#InquirerSeven Key words from Pope Francis’ speeches, homilies
MANILA, Philippines – One of the reasons Pope Francis’ first visit to the Philippines made a lasting impression on the Catholic faithful was his impromptu speeches that came from the heart. The Holy Father may have had difficulty speaking in English but his words nevertheless reached out and touched the hearts of millions.
INQUIRER.net combed through these speeches and compiled an #InquirerSeven list of key words from, or words used most often in, Pope Francis’ speeches and homilies delivered during his five-day papal visit.
On this list, the words Jesus Christ, God, Lord and the Gospel were not included.
“Do you love me?” Pope Francis asked at the start of his first homily in Manila Cathedral. He had meant to quote a verse from the Bible (“Do you love me?… Tend my sheep,” Jn 21:15-17) but his audience answered, “YES!” before he could finish.
There was an outpouring of love for the Pope during his visit to the Philippines. But while the charismatic Pontiff appreciated the love sent his way, he always brought the topic of love back to God and his “surprising love.”
“Real love is being open to the love that comes to you. The love that surprises us,” Pope Francis said in his message to students at University of Santo Tomas (UST). “Allow yourselves to be surprised by the love of God.”
Pope Francis also urged those in attendance at the Mass in Manila Cathedral to spread God’s love. “We proclaim the Good News of God’s infinite love, mercy and compassion,” he said, also quoting the Bible passage: “The love of Christ impels us” (2 Cor 5:14).
Pope Francis has emphasized the importance of family even before becoming the Vicar of Christ. In 2010, he recounted a question he posed to parents: “One of the questions I always ask young parents during confession is whether or not they spend time playing with their children. Sometimes, they’re surprised; they don’t expect this kind of question.”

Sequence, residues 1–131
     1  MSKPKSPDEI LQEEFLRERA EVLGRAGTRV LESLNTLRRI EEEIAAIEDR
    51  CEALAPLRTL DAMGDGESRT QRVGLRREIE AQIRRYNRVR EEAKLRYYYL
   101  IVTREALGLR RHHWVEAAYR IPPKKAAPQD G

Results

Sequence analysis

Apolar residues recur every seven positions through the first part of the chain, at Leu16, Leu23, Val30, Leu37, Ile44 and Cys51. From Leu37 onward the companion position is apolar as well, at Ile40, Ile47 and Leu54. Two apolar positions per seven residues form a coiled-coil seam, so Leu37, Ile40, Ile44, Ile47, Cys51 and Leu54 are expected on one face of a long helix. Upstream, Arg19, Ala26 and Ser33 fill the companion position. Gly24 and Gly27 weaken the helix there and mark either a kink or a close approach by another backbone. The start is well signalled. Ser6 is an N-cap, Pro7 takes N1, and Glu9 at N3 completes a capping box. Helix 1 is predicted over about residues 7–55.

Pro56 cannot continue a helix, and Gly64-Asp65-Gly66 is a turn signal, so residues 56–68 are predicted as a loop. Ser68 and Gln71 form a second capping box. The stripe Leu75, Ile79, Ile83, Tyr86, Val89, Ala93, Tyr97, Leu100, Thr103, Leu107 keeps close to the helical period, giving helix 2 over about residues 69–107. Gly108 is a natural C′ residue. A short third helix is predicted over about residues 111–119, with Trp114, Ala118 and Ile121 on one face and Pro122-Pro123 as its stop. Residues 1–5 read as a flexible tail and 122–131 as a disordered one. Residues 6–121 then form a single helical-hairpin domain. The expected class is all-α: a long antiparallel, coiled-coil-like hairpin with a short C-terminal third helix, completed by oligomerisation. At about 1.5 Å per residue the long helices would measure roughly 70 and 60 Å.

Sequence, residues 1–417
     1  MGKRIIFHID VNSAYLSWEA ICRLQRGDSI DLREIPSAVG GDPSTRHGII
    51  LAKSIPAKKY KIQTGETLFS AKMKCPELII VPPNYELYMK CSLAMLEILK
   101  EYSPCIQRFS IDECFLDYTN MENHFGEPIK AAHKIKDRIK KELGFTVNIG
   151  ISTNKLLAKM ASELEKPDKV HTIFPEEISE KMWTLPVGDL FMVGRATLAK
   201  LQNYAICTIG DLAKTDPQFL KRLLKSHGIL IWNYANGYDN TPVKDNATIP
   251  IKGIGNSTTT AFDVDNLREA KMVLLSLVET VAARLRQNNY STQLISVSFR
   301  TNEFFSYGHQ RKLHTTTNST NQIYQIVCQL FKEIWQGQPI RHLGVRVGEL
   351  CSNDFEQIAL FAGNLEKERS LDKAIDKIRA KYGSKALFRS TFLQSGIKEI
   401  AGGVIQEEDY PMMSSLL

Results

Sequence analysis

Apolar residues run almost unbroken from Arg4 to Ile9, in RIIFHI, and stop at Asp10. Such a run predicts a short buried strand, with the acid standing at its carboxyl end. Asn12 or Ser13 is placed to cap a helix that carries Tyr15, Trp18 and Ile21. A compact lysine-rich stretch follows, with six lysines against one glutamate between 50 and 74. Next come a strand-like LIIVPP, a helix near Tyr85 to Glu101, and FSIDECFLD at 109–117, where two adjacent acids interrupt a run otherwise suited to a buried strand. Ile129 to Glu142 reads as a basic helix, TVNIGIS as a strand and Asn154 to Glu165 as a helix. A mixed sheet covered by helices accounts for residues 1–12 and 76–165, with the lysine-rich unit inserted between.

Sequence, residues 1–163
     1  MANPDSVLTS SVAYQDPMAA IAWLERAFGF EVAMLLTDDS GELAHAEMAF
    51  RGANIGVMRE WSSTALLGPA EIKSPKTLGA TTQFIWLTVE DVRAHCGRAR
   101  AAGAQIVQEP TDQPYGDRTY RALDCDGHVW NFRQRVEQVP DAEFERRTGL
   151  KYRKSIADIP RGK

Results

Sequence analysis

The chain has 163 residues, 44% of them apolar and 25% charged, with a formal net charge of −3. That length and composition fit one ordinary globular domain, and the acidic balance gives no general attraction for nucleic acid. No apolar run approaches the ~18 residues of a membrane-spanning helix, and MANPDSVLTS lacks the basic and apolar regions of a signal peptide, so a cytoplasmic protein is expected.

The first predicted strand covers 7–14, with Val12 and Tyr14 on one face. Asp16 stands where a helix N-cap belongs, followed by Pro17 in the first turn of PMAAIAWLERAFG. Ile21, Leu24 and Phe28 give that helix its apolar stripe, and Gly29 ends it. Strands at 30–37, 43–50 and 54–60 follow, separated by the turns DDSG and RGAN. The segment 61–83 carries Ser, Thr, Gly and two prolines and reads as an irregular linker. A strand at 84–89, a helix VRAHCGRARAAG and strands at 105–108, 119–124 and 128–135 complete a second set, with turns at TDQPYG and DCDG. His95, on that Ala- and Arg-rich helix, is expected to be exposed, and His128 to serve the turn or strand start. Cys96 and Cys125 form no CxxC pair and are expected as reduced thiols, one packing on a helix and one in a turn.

He elaborated on this thought during the “Meeting with Families” in Mall of Asia Arena on Jan. 16, calling on families to continue to dream as a family, to dream of a future with Christ at the center of the household. “When you lose this capacity to dream you lose the capacity to love,” he said.
“It is in the family that we first learn how to pray. And don’t forget when the family prays together, it remains together,” he added.
Jaime Rivera’s song,”We Are All God’s Children,” even got special mention from the Pontiff during his Mass at Quirino Granstand, reminding Catholics that this was our identity.
As if the numerous babies Pope Francis kissed during his many motorcades couldn’t make it any clearer, the present Pontiff has a soft spot for the world’s children, whom he often refers to as “young people.” In one of the most memorable moments during his visit, the Pope consoled 12-year-old Glyzelle Iris Palomar with a tight hug after she was unable to finish her prepared speech on the plight of street children like her during the “Meeting with the Youth” at UST.
“Why is God allowing such things to happen, even if it is not the fault of the children?” she had asked.
The Pontiff repeated the question, “Why do children suffer?” and answered in return: “When the heart is able to ask itself and weep, then we can understand something … The great question of why so many children suffer, she (Palomar) did this in tears. The response that we can make today is: let us really learn how to weep.”
The Pope, in the same message, even touched on the youth’s fascination with the latest technology, applauding its uses but warning young people against being “young museums,” or people who think they know everything because of how easy it is to obtain information today.
Two days earlier, he also urged bishops and priests in attendance at Manila Cathedral to “be present to young people who may be confused and despondent, yet continue to see the Church as their friend on the journey and a source of hope.”
In his first address to the Philippines at Malacañang, Pope Francis said that in order for a society rooted in the Gospel to prosper, Catholics must unite against prevailing threats, such as deeply rooted inequality and injustice, social exclusion, polarization and corruption.
“Today the Philippines, together with many other countries in Asia, faces the challenge of building on solid foundations a modern society – a society respectful of authentic human values, protective of our God-given human dignity and rights, and ready to confront new and complex political and ethical questions,” he said.